Ellen Brisch, an MSUM biology professor, has always said beer and fermentation led to civilization.
Beer has a prominent place in history, with evidence of the brew dating back to the days of ancient Egypt and Mesopotamia.
“Just a tiny bit of alcohol will kill bacteria or at least keep it at bay,” Brisch said.
But as beer has evolved over the ages, it has moved away from being a necessity of survival to being a finely tuned craft.
Brisch’s love for history, science, teaching and beer have come together once again. She’s teaching a a home-brewing course for Fargo-Moorhead’s Communiversity.
The course, titled A-Beer-C’s, offers an introduction to home brewing, discussion of beer styles, and a sampling of many of them at Bridgeview Liquors/Atomic Coffee in south Moorhead. The second of the two session class is on Saturday.
Brisch loves talking about beer and will often incorporate the subject into her classes and labs. Last summer, she proposed the idea of having a home-brewing class, and it was a success. Brisch was asked to instruct the class again for the F-M Communiversity.
Brisch’s love for beer began when she was young and living with her family in Germany.
“My dad really reinforced quality not quantity, enjoying the nice stuff with family and the people you care about,” she said.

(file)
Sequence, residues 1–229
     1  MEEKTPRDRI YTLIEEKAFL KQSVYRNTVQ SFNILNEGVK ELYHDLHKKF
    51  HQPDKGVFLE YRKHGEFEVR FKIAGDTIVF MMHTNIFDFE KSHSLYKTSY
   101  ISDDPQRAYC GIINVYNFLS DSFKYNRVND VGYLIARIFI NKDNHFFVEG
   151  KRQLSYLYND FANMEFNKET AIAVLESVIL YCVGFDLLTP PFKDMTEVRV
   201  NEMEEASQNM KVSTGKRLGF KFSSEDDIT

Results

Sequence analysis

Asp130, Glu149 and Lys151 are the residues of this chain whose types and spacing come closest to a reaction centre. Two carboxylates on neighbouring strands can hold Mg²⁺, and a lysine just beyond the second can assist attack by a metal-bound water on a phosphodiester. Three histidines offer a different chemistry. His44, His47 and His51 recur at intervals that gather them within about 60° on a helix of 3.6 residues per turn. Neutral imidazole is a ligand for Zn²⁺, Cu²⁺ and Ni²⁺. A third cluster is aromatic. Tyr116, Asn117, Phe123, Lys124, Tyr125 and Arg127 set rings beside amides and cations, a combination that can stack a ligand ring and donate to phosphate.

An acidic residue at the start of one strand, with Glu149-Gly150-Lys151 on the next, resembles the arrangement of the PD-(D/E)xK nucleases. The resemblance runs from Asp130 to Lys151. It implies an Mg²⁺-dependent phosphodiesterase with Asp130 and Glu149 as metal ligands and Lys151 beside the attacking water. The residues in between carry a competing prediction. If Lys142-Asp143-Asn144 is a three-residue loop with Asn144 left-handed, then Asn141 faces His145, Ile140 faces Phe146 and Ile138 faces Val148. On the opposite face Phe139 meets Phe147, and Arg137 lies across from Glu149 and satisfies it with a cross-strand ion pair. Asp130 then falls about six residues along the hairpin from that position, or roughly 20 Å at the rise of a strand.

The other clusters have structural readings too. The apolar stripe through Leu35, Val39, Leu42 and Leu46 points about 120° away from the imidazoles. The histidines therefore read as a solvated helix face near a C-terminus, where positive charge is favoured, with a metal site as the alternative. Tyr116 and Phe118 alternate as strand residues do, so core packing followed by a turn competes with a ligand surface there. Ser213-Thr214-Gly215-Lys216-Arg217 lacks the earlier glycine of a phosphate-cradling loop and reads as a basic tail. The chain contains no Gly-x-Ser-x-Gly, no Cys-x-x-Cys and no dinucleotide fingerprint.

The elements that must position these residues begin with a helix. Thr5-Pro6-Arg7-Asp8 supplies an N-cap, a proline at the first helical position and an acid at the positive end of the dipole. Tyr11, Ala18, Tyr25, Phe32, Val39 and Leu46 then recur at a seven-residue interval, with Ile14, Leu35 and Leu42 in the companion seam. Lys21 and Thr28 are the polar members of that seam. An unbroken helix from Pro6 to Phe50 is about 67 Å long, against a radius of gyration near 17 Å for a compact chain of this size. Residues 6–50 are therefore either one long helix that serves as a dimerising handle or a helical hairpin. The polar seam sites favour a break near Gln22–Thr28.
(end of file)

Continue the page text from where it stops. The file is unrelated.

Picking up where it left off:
But, after moving back to the states, quality beer was difficult to find.
The summer after graduating high school, Brisch discovered a book on how to brew beer and became enthralled with the subject as she read the book cover-to-cover.
“There was no craft-beer or micro-brew beer, so I was thinking, well, I’m just going to have to learn how to make it,” Brisch said.
It wasn’t until Brisch studied biology in college that she began to learn how science and the brewing process overlapped.
After college, she spent five years in Massachusettes where she met kindred spirits who shared her love for beer. They soon began to brew their own.
“It wasn’t great at first, mostly because we really didn’t know what we were doing,” Brisch said. “The information wasn’t as detailed as it is now. There wasn’t a ton of information, so a lot of it was trial and error.”
Mike Bartholomay-Berreth, a student in the course, was attracted by curiosity. Growing tired of going out and ordering the same beer or drink because of familiarity, he has found himself “wanting to branch out.”
“It’s kind of nice to have someone explain a little bit about it so you feel like you have some knowledge before you jump right in,” Batholomay-Berreth said.
His interest in home-brewing is developing in a time when information and supplies are plentiful.
“How people figured the brewing process out, which is so technical and so scientific, without any equipment, is fascinating to me,” said Brisch. “I always loved reading about it, studying about it, talking about it, blending it in and framing it as history and science. I love it when history and science collide.”
Although Brisch doesn’t brew much anymore due to a lack of time, her love and appreciation for it remains present.
To learn more about the courses offered by the F-M Communiversity, call 218.299.3438 or visit their website, fmcommuniversity.org.
BY ZACHARY KOPPANG